Manuel Gonzalez Gonzalez was released from a penitentiary just west of Barcelona where he had been serving a 169-year sentence delivered in 1997 for horrific sexual assaults on 16 women and the resulting death of one of the victims.
"According to the experts, he is not cured of his urges," a regional interior ministry official, Ramon Espadaler, told Catalunya Radio.
Consequently, police have been ordered to keep Gonzalez under watch, Espadaler said.
However, he noted, Gonzalez "is a citizen and he is freed… he does not have a police officer by his side".
Spanish media quoted a prison medical evaluation saying Gonzalez presented a "high risk" of reoffending, and "other acts of violence" cannot be excluded.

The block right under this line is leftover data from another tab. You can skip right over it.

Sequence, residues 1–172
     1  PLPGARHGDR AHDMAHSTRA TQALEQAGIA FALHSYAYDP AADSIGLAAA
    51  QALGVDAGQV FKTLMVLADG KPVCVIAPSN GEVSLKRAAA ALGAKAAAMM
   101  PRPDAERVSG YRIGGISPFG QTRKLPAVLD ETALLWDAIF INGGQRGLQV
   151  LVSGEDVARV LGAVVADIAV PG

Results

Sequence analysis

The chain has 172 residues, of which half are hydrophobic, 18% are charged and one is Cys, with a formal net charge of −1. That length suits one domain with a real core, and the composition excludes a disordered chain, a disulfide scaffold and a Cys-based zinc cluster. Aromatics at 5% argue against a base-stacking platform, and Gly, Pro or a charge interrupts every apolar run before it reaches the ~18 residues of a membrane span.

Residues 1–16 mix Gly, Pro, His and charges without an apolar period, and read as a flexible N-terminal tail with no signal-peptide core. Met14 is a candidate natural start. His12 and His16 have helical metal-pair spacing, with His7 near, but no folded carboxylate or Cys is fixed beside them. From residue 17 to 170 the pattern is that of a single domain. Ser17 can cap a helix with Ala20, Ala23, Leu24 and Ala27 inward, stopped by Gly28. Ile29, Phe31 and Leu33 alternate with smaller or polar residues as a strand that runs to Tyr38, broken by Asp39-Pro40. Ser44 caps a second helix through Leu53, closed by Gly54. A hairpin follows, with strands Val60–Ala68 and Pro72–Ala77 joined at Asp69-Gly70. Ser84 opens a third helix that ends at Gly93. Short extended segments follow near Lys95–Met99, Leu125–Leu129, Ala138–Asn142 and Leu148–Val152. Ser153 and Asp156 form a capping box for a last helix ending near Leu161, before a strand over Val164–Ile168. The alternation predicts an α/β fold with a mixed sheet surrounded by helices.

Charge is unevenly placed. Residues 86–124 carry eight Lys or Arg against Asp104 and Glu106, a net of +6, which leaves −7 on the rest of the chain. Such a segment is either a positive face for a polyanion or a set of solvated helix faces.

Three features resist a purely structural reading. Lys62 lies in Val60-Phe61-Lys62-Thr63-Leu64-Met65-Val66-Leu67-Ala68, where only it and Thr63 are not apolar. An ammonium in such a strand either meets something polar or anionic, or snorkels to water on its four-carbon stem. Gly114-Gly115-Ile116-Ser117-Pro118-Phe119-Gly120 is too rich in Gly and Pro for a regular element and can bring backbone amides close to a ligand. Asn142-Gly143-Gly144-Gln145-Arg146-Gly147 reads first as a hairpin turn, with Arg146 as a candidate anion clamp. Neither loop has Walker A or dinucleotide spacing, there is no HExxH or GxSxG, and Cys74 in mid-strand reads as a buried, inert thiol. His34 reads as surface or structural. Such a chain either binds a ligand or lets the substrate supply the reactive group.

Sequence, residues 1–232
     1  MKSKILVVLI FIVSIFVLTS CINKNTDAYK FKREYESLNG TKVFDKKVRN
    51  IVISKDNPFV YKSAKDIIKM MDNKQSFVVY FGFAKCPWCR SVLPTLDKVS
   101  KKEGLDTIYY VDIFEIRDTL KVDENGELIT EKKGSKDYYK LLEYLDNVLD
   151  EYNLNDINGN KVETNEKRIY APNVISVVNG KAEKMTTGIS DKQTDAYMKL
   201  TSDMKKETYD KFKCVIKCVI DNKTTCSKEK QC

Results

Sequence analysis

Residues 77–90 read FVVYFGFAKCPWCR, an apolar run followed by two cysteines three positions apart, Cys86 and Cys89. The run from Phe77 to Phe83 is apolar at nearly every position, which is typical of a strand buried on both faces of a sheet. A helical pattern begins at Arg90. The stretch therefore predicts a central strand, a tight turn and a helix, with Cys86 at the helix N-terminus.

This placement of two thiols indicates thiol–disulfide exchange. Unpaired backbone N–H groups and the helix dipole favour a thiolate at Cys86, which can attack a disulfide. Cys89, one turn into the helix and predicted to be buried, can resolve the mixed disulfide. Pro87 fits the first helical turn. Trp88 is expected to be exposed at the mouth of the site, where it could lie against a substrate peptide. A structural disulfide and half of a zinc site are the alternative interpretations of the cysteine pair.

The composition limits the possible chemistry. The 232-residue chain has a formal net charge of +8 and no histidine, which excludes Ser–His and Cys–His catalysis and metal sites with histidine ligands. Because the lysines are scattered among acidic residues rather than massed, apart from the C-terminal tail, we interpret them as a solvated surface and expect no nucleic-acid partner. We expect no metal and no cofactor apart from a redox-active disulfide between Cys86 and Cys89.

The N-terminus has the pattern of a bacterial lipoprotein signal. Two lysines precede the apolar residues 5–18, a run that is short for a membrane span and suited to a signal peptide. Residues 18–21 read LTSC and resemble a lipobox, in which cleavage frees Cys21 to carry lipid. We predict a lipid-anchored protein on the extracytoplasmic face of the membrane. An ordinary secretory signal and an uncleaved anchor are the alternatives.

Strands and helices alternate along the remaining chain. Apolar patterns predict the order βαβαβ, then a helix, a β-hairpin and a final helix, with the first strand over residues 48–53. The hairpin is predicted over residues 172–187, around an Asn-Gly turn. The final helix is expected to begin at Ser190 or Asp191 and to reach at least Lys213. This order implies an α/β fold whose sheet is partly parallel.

Several of Gonzalez's traumatised victims were collectively informed by officials of his release.
Gonzalez was jailed for a 1991-1993 string of violent attacks on randomly chosen girls and women walking in Barcelona's streets in which he approached them from behind and stabbed their genitalia.
His release complied with an European Court of Human Rights ruling that found Spain had acted illegally by denying certain prisoners shortened sentences for good behaviour.
That ruling, which has created fury in Spain, has already led to the release of dozens of dangerous convicts — including rapists and members of the Basque armed separatist group ETA.